Hans and Katie Bishop raise fifteen acres of certified organic vegetables at PrairiErth Farm in central Illinois, marketing about $250,000 worth of produce through a farmers market, CSA, and wholesale outlets.
With about fifty percent of their sales going through one farmers market in a mid-sized city, Katie and Hans had a lot to say about how they make that work, from the details of their display and market stand setup, their digital checkout system and the value its data brings to their farming operation, and their farmers market magic sauce – the passion Katie has to connect with their customers. Katie digs into the nuts and bolts of how she connects with customers at farmers market and through social media.
Hans started growing vegetables at his family’s operation in 2009, while he and Katie both lived in the city; over several years, Hans made the transition to full-time farming, and then Katie followed, and then they moved out to the farm. Hans and Katie share how they knew it was time to make the various transitions, how they prepared to make the changes, and how they’ve divided up the responsibilities on the farm. Hans and Katie also provide an honest look at the challenges of farming together, and of bringing a spouse into the operation.
We also dig into the shipping relationships that help PrairiErth Farm reach into the Chicagoland market, how they’ve mechanized their operation to retain and attract good help, and how they’ve changed and continue to improve their employee management practices.
I’m also excited to share that Hans and Katie were selected as the 2017 MOSES Organic Farmers of the Year, an award that recognizes organic farmers who practice outstanding land stewardship, innovation, and outreach.
Pictures, show links, and more at farmertofarmerpodcast.com/episodes/bishop.
Josh Volk is, most recently, the author of Compact Farms, a new, illustrated guide for anyone dreaming of starting, expanding, or perfecting a profitable farm enterprise on five acres or less. Compact Farms includes in-depth interviews with fifteen small farms about the systems and tools that make them tick. With over twenty years of experience working on and managing small farms around the country, Josh currently works part time at Cully Neighborhood Farm in Portland, Oregon, as well as providing consulting to farmers, presenting workshops at agricultural conferences, and writing.
In this episode, Josh provides insights into what makes a small farm work. We discuss the importance of automation and good systems, and good systems to manage the automation. Josh also shares his perspective on how limiting hours and scale helps to increase focus and productivity, as well as avoiding burnout.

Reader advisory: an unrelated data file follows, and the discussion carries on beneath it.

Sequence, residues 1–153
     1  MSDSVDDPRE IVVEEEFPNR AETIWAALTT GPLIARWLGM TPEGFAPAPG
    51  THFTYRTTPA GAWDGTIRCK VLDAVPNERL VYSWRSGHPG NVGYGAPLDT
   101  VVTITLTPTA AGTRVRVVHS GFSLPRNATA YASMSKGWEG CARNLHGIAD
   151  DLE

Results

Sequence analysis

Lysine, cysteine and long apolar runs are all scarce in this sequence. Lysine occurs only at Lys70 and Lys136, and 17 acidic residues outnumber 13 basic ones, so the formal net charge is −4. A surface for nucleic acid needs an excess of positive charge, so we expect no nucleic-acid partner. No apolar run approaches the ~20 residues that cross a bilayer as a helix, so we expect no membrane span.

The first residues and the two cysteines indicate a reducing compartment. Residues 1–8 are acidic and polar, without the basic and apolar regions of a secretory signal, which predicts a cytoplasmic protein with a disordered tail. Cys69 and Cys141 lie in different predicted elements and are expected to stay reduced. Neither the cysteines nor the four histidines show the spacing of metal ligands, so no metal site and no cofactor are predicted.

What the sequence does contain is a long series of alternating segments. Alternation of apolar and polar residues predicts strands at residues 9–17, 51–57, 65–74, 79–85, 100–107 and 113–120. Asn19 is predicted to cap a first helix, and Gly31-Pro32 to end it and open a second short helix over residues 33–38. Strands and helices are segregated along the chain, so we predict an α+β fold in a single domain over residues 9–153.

We also discuss Josh’s experiences as a part-time farmer, his own Slow Hand Farm, where he farmed without any fossil-fueled equipment, and his comprehensive planning and record-keeping system.
Pictures, show links, and more at farmertofarmerpodcast.com/episodes/volk.
Mimo Davis and Miranda Duschack farm at Urban Buds City Grown Flowers, an acre of flowers in a working class neighborhood in St. Louis, Missouri. Urban Buds is located on property that was an operating flower farm in the city for three generations, but had fallen into poor condition when Mimo and Miranda purchased it in 2012.
We talk about how Miranda and Mimo rehabilitated the property, and made the journey from startup to turning a profit while they financed the farm with income paychecks from their day jobs. We discuss the challenges of running a farm while working an outside job, as well as adding a child to the mix this past year. Plus, Mimo and Miranda talk about the challenges they’ve encountered on an urban farm, and how they’ve overcome them.
Miranda and Mimo share their strategies for season extension, which they consider key to their business model in order to maximize profits from a limited land base. Urban Buds uses a variety of techniques inside and outside of a variety of structures. We also get into the nuts and bolts to achieving a long vase life with their cut flowers.
Mike Brownback farms at Spiral Path Farm in South-Central Pennsylvania with his wife, Terra, and sons Will and Lucas. Spiral Path farms over seventy acres on more than 300 acres of land that they own. Serving two farmers markets, and 2,000-member CSA, and a substantial wholesale business with Wegmans grocery store, they farm all of their acres organically, and have been certified organic since 1994.
Mike shares the recent history of Spiral Path Farm and the return of his sons to the operation. We talk about how they’ve come back to the farm, and how Mike and Terra have integrated them into the operation, including the unconventional details of how they keep the communication channels open and everyone headed in the right direction. Mike also shares how he, Terra, and his sons have divided up the responsibilities for managing employees, and the guiding philosophy and daily actions that have helped them retain several employees for over a decade.
We dig into the production side of the farming operation, as well. Mike digs into his strategies for growing nutrient-dense, flavorful foods, including the nuts-and-bolts of the composting and cover cropping techniques that work together on the farm to build carbon and soil life. We also discuss farming on the contours, how they harvest and make the most use of the water that falls on the farm, and their approach to salad mix production and large-scale season extension.